It takes just seconds for customers to decide whether they are going to stay on your site or bounce.
With such little time available, landing pages must quickly capture and convert customers. It is also your first impression to audiences, and directly tied to boosting lead generation. When done right, landing pages show the customer what value is being offered and what action they are supposed to take.
Providing social proof is one of the best ways to move customers towards this goal.
Social proof is a powerful way to influence customers, and in doing so, increase landing page conversion rates. In this article, we’ll cover what social proof is, case studies, and how you can make the best use of social proof for your landing pages.
Social proof is how the actions of other people influence our decision making.
Let’s say you’re hungry and looking for somewhere to grab a bite to eat. You remember your neighbor telling you about a new burrito shop down the street. A quick Google search shows 5-star ratings and plenty of rave reviews from customers. Having a good feeling about this spot, you head to check it out and see there’s a line out the door. This burrito must be pretty good then, right?
This is an example of social proof in action.
Everything from the neighbor’s initial suggestion, to online reviews and large crowds, influenced your decision of where to eat.
Using social proof for marketing is not a new concept. In fact, social proof has always been around. Think of New York Times Best Selling lists, professional athletes sporting Nike gear, or anything Oprah touched in the early 2000s.
But now it’s no longer only celebrities telling us what to buy or our friends giving their personal recommendations.
Instead, social proof is online and amplified.
Social proof can come from almost anyone from anywhere. It’s the posts on Instagram showing what the new trends are. The Google Reviews giving first-hand accounts from previous customers. Or the YouTubers telling us which products are their favorites.
When used in digital marketing, the use of social proof can be influential and far-reaching. And the best part is there are several different types of social proof, each adding a unique value point to attract and convince customers throughout the sales process.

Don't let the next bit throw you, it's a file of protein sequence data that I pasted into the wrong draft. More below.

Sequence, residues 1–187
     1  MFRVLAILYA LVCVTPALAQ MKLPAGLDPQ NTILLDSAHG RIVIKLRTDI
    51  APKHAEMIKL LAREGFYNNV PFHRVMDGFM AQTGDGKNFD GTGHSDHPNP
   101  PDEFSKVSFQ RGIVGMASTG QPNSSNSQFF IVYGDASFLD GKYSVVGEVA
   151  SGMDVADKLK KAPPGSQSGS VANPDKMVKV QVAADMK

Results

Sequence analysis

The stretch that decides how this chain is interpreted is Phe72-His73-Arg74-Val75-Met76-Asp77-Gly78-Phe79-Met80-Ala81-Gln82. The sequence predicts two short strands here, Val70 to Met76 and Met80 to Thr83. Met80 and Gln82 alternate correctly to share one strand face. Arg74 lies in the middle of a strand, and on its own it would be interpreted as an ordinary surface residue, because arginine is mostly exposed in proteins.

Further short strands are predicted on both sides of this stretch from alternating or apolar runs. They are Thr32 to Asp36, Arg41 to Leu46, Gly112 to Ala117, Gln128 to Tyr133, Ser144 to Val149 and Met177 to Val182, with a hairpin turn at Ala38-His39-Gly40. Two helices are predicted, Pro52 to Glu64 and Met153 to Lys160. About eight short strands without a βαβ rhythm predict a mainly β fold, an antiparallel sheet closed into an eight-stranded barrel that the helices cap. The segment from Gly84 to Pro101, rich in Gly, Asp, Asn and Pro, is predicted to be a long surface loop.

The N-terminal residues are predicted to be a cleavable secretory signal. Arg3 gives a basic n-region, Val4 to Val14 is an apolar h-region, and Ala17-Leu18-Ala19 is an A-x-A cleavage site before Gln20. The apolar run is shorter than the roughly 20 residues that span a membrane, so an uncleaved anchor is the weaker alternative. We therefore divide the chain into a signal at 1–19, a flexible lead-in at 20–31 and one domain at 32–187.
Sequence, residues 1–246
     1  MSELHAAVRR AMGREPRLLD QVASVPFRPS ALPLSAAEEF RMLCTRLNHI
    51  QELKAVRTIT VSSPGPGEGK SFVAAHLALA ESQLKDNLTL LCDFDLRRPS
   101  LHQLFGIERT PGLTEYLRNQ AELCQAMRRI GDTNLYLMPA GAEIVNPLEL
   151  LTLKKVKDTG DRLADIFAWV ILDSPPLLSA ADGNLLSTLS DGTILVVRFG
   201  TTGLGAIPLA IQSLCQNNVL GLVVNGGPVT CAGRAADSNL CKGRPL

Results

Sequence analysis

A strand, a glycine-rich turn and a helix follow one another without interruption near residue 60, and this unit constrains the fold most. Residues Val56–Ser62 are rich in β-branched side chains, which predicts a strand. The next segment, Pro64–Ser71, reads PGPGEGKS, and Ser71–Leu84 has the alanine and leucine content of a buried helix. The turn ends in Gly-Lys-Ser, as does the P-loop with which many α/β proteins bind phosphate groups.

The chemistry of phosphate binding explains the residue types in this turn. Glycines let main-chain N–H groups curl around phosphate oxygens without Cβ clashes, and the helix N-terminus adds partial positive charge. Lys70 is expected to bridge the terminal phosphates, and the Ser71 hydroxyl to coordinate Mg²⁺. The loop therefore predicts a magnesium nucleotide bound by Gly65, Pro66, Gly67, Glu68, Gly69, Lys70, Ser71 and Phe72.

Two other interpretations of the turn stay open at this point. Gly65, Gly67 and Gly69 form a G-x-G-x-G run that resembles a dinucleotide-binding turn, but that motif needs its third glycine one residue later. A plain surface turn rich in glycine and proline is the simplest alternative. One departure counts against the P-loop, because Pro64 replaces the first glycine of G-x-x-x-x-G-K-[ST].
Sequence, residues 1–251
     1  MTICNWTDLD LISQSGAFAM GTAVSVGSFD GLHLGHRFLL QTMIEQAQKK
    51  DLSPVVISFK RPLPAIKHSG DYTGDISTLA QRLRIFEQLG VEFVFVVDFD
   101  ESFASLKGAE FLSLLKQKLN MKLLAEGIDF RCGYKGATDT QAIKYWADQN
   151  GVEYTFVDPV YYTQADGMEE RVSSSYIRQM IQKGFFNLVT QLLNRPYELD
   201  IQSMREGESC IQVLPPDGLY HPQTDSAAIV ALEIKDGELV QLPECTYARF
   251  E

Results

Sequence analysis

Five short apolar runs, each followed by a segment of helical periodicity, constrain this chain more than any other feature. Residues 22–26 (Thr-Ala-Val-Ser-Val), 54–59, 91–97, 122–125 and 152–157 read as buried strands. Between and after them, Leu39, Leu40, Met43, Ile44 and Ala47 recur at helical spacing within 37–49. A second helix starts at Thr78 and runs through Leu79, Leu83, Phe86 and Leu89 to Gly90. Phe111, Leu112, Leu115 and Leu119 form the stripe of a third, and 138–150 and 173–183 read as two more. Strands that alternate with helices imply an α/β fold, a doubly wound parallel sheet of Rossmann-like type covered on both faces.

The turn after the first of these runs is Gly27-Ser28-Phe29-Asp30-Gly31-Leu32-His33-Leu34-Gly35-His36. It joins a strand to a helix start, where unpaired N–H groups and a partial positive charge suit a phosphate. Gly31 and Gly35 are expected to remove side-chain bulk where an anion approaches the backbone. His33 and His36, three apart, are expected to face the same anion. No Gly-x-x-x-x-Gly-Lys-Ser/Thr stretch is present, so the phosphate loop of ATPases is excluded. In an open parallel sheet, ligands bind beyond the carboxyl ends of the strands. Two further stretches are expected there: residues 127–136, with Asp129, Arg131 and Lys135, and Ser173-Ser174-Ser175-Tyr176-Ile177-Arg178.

With more people turning to online reviews and trusting recommendations from people beyond their own social circles, social proof can be highly effective for converting visitors into customers.
Let’s go back to the restaurant example from above.
Interest was initially sparked by the recommendation from a neighbor. But that was just the starting point. Buying decisions often require further validation and reasoning. So much so that the average shopper reads 10 online reviews before making a purchase decision.
The first good sign was the high ratings. Would you rather eat somewhere with a 5-star rating or 2-star? That is a no brainer. Then there were the favorable customer reviews, which matter just as much as the initial recommendation. In fact, according to BrightLocal’s Consumer Review Report, 88% of shoppers trust user reviews as much as personal recommendations. And finally to seal the deal was the line out the door, showing how popular the restaurant was.
Without these forms of social proof, you may never have tried this delicious burrito shop, or even found it in the first place.
Much like this scenario, social proof can add trust and credibility to your brand which usually leads to more sales. Using social proof for landing pages can be a game-changer in capturing the attention of visitors and convincing them to make a purchase.
Interested in adding social proof to your site?
Here are examples of social proof you can use to create high-converting landing pages:
Testimonials are an endorsement of your brand given by customers themselves. Featuring your existing customers makes your brand more relatable, as audiences can see who is using your products or services and why they love them.